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September 19, 2022

TriDot Pool School: Functional Freestyle for Triathletes

TriDot Pool School (TPS) is a simple yet highly effective program for athletes who want to develop or improve their freestyle swim form. TriDot’s Founder and CEO, Jeff Booher, and Coach Joanna Nami, team up to describe TPS including who it’s for, how it was developed, why athletes are getting so excited, and what it can do for your swim. Learn how TPS uses a hybrid instructional approach of dryland drills, in-person workshops, and video critiques to find your faster freestyle.

 

Huge thanks to deltaG for partnering with us on this episode.

To learn more about the performance boosting benefits of deltaG Ketones head to deltaGketones.com and use code TRIDOT20 for 20% off your order.

On their site you can:

1. Learn more about fueling with deltaG ketone products.

2. Make a standalone purchase, or subscribe for ongoing deltaG ketone deliveries.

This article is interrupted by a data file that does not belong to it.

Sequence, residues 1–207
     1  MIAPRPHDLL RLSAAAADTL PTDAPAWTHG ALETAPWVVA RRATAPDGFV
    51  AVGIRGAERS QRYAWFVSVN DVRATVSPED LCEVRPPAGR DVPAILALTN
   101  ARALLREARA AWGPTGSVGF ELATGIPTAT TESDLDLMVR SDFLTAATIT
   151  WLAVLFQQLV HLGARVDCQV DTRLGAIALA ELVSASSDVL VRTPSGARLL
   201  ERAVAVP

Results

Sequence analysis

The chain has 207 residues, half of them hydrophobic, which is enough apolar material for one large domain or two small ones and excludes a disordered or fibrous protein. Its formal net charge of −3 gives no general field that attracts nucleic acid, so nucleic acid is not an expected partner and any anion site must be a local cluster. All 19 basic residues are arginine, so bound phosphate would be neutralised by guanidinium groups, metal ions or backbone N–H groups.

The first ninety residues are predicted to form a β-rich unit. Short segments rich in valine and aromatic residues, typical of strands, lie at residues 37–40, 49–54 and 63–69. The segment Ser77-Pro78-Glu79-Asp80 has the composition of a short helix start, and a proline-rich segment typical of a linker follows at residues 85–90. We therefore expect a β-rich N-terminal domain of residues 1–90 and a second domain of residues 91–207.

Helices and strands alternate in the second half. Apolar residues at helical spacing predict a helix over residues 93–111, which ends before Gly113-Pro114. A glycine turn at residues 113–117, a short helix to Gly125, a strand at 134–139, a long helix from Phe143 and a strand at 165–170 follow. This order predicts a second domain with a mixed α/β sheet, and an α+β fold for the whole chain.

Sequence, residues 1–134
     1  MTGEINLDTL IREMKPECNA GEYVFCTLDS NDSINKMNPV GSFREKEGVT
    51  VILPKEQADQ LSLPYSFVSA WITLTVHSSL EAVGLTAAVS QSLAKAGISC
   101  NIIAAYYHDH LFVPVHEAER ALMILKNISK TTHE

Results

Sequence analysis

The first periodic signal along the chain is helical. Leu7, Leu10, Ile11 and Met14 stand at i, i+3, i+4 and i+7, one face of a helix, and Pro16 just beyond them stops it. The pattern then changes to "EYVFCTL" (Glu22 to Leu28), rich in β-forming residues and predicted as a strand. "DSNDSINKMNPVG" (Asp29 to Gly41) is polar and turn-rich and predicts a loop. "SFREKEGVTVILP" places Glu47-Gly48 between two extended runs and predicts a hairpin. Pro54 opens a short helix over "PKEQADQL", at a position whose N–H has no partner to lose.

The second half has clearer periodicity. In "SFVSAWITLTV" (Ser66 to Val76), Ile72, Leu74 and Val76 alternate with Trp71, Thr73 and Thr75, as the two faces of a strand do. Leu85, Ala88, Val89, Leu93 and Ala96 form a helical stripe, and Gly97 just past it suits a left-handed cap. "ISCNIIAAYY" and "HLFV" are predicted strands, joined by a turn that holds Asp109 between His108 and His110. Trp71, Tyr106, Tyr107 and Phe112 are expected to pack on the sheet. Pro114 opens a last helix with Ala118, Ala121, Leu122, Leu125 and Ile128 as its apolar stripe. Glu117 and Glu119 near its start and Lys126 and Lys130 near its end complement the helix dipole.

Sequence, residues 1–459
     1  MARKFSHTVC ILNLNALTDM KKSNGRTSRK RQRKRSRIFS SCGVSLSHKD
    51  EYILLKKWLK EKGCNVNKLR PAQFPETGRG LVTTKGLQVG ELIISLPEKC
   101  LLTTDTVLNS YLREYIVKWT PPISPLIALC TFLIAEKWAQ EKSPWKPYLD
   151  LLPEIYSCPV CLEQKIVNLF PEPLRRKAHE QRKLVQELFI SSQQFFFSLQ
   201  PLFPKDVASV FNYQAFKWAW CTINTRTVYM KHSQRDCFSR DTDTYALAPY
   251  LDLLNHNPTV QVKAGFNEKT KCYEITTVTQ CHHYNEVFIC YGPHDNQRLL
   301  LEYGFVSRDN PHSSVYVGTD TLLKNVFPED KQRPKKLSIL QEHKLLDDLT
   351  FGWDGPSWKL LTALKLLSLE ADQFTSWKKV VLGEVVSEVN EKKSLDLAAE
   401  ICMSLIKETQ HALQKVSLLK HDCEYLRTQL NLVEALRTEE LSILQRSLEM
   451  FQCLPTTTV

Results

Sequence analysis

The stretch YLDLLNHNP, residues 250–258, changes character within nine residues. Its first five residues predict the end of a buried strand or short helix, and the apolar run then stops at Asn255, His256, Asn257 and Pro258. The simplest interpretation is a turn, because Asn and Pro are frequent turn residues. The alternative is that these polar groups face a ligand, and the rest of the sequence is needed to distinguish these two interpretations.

3. Book a FREE 15 minute video consultation with Brian, an expert on exogenous ketones, and deltaG in particular, to discuss your individual goals and best choice of deltaG drink to exceed those goals.

 

Big thanks to Precision Fuel & Hydration for also partnering with us on this episode! Head over to precisionfuelandhydration.com and check out the Fuel Planner to get your free personalized fuel and hydration strategy. Use the code TRI10 to get 10% off your first order.

 

And don’t forget to sign up to get updates and early access to the TriDot Mark Allen Edition to be released Fall 2022: https://tridot.com/mark-allen-signup/